However, there are also Hybrid bats which could be a mixture of alloy bats and composite bat. The alloy section of the bat is in the barrel which means that the player does not need to break the bat in and the composite section could be in the handles to reduce the feel of the sting when the ball is hit.
Length of the Bat
Players should find a length of a bat that they are comfortable with because having a bat that is too small could decrease the player’s strike zone at the plate while having a long one could decrease the speed of the bat swing as well as the control the player has over the bat. Plus, the bat could be unnecessary heavy for the player.
There are a few ways to work out what size the bat could be such as:
- Standing straight and placing the top of the bat vertically up by the foot of the player and letting their hands hang loose. If the knob of the handle of the bat reaches between their wrist and the top pad of their hand then that could be a good starting point for the player to figure out the length they would like to use
- The player has their hands out in a ‘T’ and if they can hold the end of the bat with the nod going towards the center of their chest than that could also be a good size
- The knob of the bat in on the player’s chest (while they are standing up) and the bat is facing outwards and in front of them. If they can grab the barrel with their hand then that could mean it is a good length
The weight of the bat can also be important in deciding which one to get since it can influence the player in the game because the player should be able to control their bat.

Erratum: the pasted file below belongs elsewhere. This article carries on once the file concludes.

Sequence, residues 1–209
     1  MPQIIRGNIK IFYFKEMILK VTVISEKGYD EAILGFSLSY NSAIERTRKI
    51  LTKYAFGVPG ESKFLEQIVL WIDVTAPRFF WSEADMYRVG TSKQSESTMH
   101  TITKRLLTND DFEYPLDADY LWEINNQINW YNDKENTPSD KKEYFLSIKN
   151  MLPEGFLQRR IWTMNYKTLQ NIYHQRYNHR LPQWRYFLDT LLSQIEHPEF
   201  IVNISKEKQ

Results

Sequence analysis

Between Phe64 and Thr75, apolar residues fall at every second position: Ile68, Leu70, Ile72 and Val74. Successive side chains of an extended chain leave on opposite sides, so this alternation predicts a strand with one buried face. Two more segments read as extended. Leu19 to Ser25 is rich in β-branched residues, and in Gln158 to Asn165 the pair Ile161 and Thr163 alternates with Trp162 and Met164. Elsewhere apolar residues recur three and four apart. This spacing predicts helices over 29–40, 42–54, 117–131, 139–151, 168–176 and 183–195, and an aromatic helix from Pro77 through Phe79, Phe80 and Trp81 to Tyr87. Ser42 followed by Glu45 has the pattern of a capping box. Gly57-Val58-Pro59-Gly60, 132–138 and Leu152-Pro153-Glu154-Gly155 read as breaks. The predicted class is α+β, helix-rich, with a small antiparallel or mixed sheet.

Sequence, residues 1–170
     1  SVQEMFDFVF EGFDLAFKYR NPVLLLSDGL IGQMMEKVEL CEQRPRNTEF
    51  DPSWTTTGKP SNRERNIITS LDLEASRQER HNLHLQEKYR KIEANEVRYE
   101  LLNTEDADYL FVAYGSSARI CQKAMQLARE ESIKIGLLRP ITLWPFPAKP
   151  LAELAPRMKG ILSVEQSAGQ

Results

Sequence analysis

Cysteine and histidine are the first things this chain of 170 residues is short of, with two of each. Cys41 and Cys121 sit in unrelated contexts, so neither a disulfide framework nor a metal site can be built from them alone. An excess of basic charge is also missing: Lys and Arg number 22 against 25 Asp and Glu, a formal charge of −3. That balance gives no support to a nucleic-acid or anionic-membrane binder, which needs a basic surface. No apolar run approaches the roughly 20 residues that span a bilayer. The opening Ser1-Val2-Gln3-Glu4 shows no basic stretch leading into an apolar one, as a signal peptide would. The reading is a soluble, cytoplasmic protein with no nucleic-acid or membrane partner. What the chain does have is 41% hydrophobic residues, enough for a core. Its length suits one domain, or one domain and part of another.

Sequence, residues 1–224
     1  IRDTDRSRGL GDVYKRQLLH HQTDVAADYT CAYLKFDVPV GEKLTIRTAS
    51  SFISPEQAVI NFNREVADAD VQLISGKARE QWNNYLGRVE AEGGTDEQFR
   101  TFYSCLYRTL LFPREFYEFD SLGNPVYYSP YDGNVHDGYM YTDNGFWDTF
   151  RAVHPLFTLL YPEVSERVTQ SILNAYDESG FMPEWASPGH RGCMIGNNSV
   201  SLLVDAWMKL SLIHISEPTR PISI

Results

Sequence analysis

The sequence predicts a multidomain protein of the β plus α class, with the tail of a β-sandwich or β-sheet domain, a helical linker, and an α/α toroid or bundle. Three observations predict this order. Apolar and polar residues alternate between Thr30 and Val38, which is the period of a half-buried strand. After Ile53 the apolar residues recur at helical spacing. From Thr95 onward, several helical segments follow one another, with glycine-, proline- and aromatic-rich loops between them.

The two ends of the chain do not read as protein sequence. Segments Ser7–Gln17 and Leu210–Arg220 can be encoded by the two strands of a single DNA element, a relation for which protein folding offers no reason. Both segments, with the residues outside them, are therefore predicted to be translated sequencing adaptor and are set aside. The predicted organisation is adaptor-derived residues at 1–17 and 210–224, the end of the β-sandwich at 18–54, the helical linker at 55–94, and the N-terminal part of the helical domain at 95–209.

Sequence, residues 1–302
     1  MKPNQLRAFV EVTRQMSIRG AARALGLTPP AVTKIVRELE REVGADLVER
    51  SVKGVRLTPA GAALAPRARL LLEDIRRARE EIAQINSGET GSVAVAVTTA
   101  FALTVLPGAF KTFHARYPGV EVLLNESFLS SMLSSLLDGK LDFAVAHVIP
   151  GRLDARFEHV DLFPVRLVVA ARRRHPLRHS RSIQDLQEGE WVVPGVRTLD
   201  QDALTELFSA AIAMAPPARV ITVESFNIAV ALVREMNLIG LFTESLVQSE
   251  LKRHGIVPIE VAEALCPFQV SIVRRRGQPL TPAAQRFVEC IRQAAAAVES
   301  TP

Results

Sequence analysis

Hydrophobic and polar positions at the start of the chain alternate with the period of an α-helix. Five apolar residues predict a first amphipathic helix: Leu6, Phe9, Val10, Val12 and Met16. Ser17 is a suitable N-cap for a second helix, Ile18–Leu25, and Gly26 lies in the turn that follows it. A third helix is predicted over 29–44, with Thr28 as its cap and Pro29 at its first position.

A light bat could have no power behind the swing (and fly out of their hands which I think could have happened to me) while a heavy one could be too difficult to swing.
Players do not need to have a heavy bat since it is not about the strength of the player but how much control they have over the bat and are comfortable with it to lead to success.
A way to test the weight of a bat is to hold it up and out by the handle for 30 to 45 seconds and if the top of the bat tilts down than the bat would not be a good fit for the player.
Another way that the player could use to test the weight of a bat is to hold the bat at the handle with one hand (then swap to the other hand) and swing it with as little body movement as naturally possible and with as much speed as possible.
The final test that a player could try to do is the wrist test where they could hold the handle of the bat with the bat at a right angle to their arm and the palm of their hand facing down with the bat facing to the side.
They then rotate their wrists to make the bat go up and could be able to stop it at any time. This could also be a good exercise for strength and control.
The best advice that I would give any players is for them to try the bats out themselves and see how it feels in their hands. The bat should be like a personal teammate to bring out the player’s best plays while in a match.
That being said, I would choose the Easton Beast Speed because it sounds like a good bat to get to grips with the game and it should not be heavy to swing it to hit the sweet spot. This type of bat should be able to last a while due to the materials that make it up.